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October 7, 2013Fifth-year senior left tackle Taylor Lewan and sophomore outside linebacker James Ross III spoke with the media Monday afternoon about Saturday's win over Minnesota and looking ahead to Penn State.
These are the highlights:
Third Down Troubles: In last Saturday's 42-13 win over Minnesota, the Michigan defense held the Golden Gophers to just 281 total yards of offense and just 4.5 yards per snap. But Minnesota controlled the clock, thanks, in large part to an 8-of-15 conversion rate on third downs, including seven conversions in the first half.
Minnesota went 5-of-6 on third downs in the first quarter, holding the ball for more than 11 minutes. The Wolverines are 77th nationally on third downs, allowing a first down on 30 of 73 attempts.
Ross III: "That's a big problem for us. We started off pretty poorly in the beginning. We got better in the second half, but we have to get our offense back on the field. We can't give them that much time of possession. Those are money downs to us, and we have to get off the field to set up our offense to score more points. That's on us, and that's our main focus in practice going into the game next week. Those third downs are a big deal."
Views: The Wolverines have, at times, been the same dominant third-down defense they were in Michigan coach Brady Hoke and defensive coordinator Greg Mattison's first two years.
In a 24-21 win at Connecticut, Michigan allowed just one conversion on 11 Husky third downs. After giving up first downs at a 70-percent clip in the first half Saturday, the Wolverines surrendered just one conversion in the second half against the Gophers.
Getting opposing offenses off the field will be key, moving forward. Minnesota redshirt freshman quarterback Mitch Leidner extended drives with his legs, which is concerning, considering the Wolverines will face Indiana quarterback Tre Roberson, Nebraska quarterback Taylor Martinez, Northwestern quarterback Kain Colter and Ohio State quarterback Braxton Miller in October and November.
Like many of Michigan's issues, third-down defense is something the team has proven it can do in spots - but consistent success is the name of the game from here on out.
Offensive Line Changeup: The Wolverines introduced a new-look offensive line Saturday. Redshirt sophomore Graham Glasgow moved from left guard to center; redshirt sophomore Chris Bryant took over at left guard; and redshirt sophomore center Jack Miller was left out of the lineup.
It's hard to extrapolate success too much, because of a small sample size. Michigan ran just 52 total plays in the game, due to Minnesota's slow pacing and ball control.
But there were some good signs. Fifth-year senior running back Fitzgerald Toussaint averaged 4.6 yards per carry. Redshirt junior quarterback Devin Gardner was sacked just once.
Lewan: "Graham has, since spring ball, graded out better at center than he has at guard. As far as Chris goes, I think he played a good first game as a starter. There's no excuse not to be perfect if you play offensive line at Michigan, but him doing thing he had to do. He got the job done. Fitz averaged 4.5 a carry. We'll take that all year. Obviously, we want more yards every single time. Chris did a nice job. Have to shore up some things here or there, but I am proud of the way he played. If he continues to build off that, this offensive line will be successful."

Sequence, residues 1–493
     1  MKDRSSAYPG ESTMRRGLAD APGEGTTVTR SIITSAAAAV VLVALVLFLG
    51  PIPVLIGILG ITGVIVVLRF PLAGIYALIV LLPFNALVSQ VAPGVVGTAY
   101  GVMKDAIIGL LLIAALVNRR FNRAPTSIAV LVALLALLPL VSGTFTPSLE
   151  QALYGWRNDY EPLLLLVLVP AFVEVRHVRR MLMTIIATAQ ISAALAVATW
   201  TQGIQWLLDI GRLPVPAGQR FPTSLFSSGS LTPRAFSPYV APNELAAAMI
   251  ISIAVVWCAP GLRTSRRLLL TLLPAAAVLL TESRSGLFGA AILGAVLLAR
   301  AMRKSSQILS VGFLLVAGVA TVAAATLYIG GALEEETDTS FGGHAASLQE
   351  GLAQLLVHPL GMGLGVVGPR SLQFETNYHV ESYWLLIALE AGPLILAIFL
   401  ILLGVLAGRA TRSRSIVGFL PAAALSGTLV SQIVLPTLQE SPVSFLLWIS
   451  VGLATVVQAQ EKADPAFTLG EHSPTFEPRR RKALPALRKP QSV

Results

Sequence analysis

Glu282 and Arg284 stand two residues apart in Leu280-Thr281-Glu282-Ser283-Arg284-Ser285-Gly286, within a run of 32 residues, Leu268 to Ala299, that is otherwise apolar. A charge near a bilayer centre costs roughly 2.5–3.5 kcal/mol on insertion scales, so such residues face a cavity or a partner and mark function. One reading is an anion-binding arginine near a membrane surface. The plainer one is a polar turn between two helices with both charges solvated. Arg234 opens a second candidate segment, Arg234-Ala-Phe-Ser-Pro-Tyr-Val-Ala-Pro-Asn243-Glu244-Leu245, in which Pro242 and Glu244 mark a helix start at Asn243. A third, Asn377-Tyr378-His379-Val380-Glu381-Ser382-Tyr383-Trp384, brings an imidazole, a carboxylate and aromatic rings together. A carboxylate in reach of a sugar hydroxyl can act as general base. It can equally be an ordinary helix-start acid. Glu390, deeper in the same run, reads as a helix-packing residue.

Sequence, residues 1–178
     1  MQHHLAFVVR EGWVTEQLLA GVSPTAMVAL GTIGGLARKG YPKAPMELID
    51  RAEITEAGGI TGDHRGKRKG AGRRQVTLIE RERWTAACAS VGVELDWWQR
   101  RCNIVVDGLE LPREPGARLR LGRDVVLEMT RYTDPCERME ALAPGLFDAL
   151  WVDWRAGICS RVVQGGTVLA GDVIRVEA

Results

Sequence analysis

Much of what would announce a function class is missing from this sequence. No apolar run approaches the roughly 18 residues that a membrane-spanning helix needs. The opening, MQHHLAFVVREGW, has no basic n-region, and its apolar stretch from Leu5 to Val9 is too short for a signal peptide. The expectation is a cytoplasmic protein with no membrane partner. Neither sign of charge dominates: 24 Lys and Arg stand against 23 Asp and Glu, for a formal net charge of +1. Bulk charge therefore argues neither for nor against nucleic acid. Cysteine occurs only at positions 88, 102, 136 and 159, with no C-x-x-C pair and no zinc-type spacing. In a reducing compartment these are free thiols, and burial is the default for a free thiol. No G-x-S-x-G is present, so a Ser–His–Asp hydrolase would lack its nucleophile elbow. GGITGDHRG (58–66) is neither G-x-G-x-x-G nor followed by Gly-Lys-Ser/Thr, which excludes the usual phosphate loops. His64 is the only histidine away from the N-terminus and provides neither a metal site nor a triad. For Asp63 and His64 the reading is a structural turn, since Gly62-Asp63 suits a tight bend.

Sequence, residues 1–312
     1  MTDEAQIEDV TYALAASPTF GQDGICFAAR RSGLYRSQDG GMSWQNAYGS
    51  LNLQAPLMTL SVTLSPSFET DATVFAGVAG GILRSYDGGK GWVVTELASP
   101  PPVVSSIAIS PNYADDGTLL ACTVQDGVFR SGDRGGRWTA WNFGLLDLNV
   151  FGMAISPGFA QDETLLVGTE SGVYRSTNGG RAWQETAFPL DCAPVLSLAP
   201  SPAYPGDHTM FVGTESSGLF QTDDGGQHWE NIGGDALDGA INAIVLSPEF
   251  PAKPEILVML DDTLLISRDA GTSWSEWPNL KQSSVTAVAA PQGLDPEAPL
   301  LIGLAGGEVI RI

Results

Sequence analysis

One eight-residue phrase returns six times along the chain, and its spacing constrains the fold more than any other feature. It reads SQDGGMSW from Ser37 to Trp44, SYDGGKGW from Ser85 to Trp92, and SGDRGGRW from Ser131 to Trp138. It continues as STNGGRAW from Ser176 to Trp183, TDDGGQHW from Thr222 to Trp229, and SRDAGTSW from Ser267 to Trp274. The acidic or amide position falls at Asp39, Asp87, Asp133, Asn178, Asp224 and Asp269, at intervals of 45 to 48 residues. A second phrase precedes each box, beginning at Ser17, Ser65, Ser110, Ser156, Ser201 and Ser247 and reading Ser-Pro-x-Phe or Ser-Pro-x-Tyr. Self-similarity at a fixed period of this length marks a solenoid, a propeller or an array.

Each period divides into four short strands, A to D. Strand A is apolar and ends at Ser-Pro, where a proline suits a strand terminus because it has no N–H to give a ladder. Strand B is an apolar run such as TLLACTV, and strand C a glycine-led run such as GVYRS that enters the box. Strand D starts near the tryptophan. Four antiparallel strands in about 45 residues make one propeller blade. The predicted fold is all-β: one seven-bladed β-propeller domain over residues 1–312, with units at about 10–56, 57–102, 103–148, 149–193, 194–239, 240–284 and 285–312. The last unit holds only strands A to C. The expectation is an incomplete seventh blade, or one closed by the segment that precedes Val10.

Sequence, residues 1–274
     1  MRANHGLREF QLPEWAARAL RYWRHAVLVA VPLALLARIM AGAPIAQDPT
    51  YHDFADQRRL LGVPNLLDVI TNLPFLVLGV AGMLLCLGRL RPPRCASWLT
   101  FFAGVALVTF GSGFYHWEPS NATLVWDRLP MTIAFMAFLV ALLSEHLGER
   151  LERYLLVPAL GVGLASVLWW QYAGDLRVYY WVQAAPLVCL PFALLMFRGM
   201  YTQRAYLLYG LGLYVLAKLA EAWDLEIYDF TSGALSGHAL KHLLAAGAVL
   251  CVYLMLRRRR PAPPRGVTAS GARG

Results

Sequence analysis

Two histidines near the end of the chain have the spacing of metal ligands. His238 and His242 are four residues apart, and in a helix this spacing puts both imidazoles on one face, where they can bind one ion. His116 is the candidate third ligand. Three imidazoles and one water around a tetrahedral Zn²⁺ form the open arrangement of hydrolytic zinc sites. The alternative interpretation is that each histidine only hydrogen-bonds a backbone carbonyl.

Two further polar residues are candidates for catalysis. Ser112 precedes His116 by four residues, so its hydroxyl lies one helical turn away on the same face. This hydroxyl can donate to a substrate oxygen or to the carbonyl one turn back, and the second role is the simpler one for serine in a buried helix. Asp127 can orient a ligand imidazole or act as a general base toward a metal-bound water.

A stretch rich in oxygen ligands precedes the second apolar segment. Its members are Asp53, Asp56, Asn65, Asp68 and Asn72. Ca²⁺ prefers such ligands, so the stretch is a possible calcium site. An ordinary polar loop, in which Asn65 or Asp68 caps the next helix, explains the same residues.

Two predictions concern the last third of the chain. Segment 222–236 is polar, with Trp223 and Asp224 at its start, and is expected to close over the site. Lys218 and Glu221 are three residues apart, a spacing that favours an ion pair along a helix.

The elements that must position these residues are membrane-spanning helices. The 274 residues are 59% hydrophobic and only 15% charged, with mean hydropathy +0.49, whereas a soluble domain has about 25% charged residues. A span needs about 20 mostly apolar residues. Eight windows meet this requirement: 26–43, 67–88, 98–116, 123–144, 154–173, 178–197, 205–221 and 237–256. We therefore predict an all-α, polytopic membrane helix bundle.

Views: There are plenty of reasons to be encouraged by Michigan's offensive line moving forward.
The Wolverines surrendered five tackles for loss, which, while still not good, is a big step up from previous weeks, when the offense gave up 32 in four games (8.0 per game). Also, Minnesota is 17th nationally in tackles for loss with 40 on the year.
Drives weren't stalled by missed assignments or mistakes. And the Wolverines kicked off the drive with a six-play, all-running drive that ended in the end zone.
Of course, there will still be growing pains. Bryant is a brand-new starter, and Glasgow is still growing into the communication aspect of playing at center. But this was a step in the right direction.
Offensive Line Kinks: Lewan moved around the line in Saturday's win, lining up in an unbalanced set on the right side of fifth-year senior right tackle Michael Schofield, and the Wolverines had success moving the ball behind the one-two tackle punch, with Lewan and Schofield - the team's two best blockers - leading the way.
Lewan: "As far as enjoying it, yeah. I think it was that every run but two was behind me. Taking that responsibility and feeling that responsibility before the game, the coaches told me they were going to run behind me a lot more this game. I took pride in that. That was something I enjoyed. My head hurts a little today, but other than that, I'm good.
When asked if the formation telegraphs the Wolverines' intentions, Lewan said, "As long as we're not outnumbered and we have bodies on everyone, it shouldn't be a problem. We have different plays out of it. I'm not going to give you the whole playbook here. But we have different plays and different stuff we can do to the other side. There's a bunch of stuff. [Offensive coordinator Al] Borges is a great coach. He knows what he's doing. He's been doing this a lot longer than I've been alive. We just have to keep blocking."
Views: If I'm a middle linebacker, I'm immediately selling out to the right side when I see Lewan and Schofield line up side by side, leaving Bryant and a tight end on the back side.
But Minnesota must have been thinking that, as well, and it didn't help them all that much, especially on Toussaint's 12-yard touchdown on which he could have moonwalked through the massive hole and into the end zone.
It's an interesting way to get Michigan's two best linemen at the point of attack - and it's something to keep an eye on, as the Wolverines move forward.